But in a series whose games are often plagued by disastrous controls, much more was needed. Instead, we regress to past formulas instead of building on recent conventions and breakthroughs. For instance: You can't jump onto and off of stairs, so it's back to climbing from a base. What makes this frustrating is that the developers designed it so that Simon climbs at a snail's pace, which slows the game down and negates the purpose of trying to outrun enemies in tense situations. Also, the control conflict between climbing and sub-weapons returns in all its infamy, and, as always, this works to make enemies more of a threat because you're virtually handcuffed in trying to speedily and accurately defend yourself while climbing. While the hit-detection does its job well in helping to protect you in such instances, it's futile when Medusa heads, bats, deadly toys and ravens are coming in from above, below and all angles in between. What happened to Super Castlevania 4's influence? Where did it go?
The balance finally falls out of its favor where challenge is concerned. It's no secret that in the series' average game you'll receive progressively higher damage as you get deeper and deeper into the adventure, but that doesn't seem to be the case here; instead, you'll take a heavy amount damage for everything. You're just not equipped enough to handle what would have been academic for Super Castlevania IV's Simon; at the rate you lose energy during enemy onslaughts, you'll just know that the stage bosses are going to eat you alive. Except for maybe one (the gear-tossing She-Wolf), these boss battles are hardly interesting--they're intentionally made to result in quick-fire slugfests. And because you're not able to sustain more than four hits (assuming you're not carrying a laurel at the time), this is hardly to your advantage; you're always the heavy underdog in these fights, because your odds of winning even when fully healthy are still pretty low.
Forget trial-and-error--this is trial-and-more-trial. And if the many enemies and hazards weren't quite enough, Akumajo Dracula X68000 likes to surprise you with really sneaky tricks right near the stages' ending points, just in case you didn't already have enough to worry about. Though you're allowed to continue as many times as you'd like, the frustration is likely to mount to a boiling point as you start to wonder if you'll ever be able to clear a stage in question. The ability to save your mission's progress onto the disk is a nice luxury, but considering what you're up against, this doesn't guarantee that you'll eventually be able to dredge your way through it.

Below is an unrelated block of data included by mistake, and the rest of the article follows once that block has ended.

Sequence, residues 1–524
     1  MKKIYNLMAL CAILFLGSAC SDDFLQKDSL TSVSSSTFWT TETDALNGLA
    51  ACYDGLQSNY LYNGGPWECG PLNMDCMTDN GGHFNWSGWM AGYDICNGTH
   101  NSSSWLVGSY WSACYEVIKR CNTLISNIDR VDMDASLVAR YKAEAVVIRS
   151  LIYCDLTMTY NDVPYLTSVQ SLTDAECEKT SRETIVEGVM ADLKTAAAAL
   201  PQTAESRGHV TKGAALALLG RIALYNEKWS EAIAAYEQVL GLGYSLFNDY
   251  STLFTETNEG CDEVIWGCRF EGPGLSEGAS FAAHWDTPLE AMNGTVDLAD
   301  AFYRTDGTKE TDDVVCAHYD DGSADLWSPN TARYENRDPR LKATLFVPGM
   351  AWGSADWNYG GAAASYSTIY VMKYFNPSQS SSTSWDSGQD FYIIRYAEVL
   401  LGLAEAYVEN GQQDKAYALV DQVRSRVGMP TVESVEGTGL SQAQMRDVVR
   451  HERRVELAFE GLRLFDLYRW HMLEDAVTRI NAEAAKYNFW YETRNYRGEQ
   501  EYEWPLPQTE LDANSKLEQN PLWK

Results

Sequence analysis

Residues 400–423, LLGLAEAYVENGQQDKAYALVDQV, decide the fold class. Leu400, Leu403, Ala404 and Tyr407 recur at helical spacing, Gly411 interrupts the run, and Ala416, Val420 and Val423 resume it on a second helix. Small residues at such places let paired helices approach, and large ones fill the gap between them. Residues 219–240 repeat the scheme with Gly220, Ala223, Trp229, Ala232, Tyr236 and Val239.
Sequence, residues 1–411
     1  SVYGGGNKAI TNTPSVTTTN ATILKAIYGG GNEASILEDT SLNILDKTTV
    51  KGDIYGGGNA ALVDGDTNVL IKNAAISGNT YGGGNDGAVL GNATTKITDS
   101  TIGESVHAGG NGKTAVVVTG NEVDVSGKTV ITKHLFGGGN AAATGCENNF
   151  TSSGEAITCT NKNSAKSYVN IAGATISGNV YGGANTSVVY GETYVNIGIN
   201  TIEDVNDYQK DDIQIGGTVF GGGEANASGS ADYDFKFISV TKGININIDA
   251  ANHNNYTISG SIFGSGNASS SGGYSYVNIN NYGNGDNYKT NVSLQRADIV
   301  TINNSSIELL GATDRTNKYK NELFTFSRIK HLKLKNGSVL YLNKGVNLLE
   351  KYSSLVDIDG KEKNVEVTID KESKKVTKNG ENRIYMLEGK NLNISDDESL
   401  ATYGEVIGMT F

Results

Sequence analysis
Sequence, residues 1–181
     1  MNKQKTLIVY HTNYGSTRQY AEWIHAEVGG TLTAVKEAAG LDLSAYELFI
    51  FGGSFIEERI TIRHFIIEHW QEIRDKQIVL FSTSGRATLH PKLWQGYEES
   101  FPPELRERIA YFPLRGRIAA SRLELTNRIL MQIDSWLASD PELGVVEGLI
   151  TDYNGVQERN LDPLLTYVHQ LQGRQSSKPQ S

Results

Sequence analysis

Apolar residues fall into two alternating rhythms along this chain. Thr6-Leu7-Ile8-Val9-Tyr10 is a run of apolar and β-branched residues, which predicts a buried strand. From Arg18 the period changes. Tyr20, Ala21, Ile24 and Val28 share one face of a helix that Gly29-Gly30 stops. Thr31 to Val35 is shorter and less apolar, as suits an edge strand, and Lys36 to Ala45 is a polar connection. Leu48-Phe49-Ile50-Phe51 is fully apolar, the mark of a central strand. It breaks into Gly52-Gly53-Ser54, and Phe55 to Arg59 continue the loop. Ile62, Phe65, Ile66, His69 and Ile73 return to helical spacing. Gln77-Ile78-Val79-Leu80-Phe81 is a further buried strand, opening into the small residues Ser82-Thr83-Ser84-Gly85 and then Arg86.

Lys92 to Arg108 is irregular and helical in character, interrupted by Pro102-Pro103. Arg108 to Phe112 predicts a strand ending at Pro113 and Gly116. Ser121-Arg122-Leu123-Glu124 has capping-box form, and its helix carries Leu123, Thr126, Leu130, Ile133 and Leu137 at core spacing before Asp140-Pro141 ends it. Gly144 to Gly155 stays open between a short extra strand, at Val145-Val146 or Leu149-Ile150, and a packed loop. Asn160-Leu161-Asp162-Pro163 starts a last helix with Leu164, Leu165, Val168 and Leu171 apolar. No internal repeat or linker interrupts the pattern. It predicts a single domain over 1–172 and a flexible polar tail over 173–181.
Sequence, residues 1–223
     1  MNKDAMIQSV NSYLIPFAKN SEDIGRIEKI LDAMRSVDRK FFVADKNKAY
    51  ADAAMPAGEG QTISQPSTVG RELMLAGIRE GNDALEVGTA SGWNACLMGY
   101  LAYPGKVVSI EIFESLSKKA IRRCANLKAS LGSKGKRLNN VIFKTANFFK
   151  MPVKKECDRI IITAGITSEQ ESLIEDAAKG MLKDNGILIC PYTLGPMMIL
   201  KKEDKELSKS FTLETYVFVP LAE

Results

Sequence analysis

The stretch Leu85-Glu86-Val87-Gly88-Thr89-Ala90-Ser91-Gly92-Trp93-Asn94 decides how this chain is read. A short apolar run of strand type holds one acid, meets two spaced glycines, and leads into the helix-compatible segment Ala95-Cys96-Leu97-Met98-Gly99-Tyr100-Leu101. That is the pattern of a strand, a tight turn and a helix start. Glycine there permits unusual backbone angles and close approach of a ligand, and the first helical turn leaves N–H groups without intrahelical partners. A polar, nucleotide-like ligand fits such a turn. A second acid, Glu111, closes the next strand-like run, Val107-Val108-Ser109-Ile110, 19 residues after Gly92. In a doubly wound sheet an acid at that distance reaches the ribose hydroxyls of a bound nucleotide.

Akumajo Dracula X68000 feels like a wasted effort. It's another case of having all of the right ingredients but not having it result in a good dish. If anything, it's undercooked and needed a few extra months in the oven while the chef studied the manual a little more closely. It's a good game that a diehard fan is likely to enjoy, yes, but I don't think that a less-enthusiastic audience will "get it," because stairway confliction, enemy pileups, superman bosses, and the diminished means to combat these dangers are a throwback to when games weren't capable of rising above their hardware's limitations, and even most hardcore gamers would be apt to pass this title off as "another one of those." For every good idea Konami applies, there's a negative that cancels it out, and taken in heavy doses, this is an easy game to hate. I appreciate that they wanted this to be a "remake" of the original, but that doesn't mean that we had to ride the time machine back to 1987. Maybe it's because Rondo of Blood is such a peak game that's so very hard to live up to--but you get the sense that Konami either didn't trust its vision or it just didn't have the will to again execute this formula in grand fashion.
Still, I can recommend Akumajo Dracula X68000 in light of its presentation, its artistic achievement, and its interesting ideas in regard to stage design. There's also, of course, the novelty of discovering a title that's been lost for over seven years; uncovering and experiencing a piece of history is always a thrill that defies reason. For those who are die-hard, this is perhaps the last chance to experience an "old-school" Castlevania challenge, a trait that would come to disappear once Koji and the gang came along to veer the series into a totally different direction. For what it is, I award it three and a half Medusa Heads.
For the Chronicles version review, please click here.